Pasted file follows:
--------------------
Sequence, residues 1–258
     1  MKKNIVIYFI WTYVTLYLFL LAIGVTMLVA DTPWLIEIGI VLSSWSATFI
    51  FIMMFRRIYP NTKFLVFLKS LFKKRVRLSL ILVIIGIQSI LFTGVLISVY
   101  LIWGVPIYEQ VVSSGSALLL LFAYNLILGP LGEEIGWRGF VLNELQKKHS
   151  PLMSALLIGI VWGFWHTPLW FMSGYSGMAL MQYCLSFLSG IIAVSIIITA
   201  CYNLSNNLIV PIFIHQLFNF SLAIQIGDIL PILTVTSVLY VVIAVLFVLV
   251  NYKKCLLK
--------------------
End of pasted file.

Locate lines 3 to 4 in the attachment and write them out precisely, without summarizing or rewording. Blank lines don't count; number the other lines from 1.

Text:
    51  FIMMFRRIYP NTKFLVFLKS LFKKRVRLSL ILVIIGIQSI LFTGVLISVY
   101  LIWGVPIYEQ VVSSGSALLL LFAYNLILGP LGEEIGWRGF VLNELQKKHS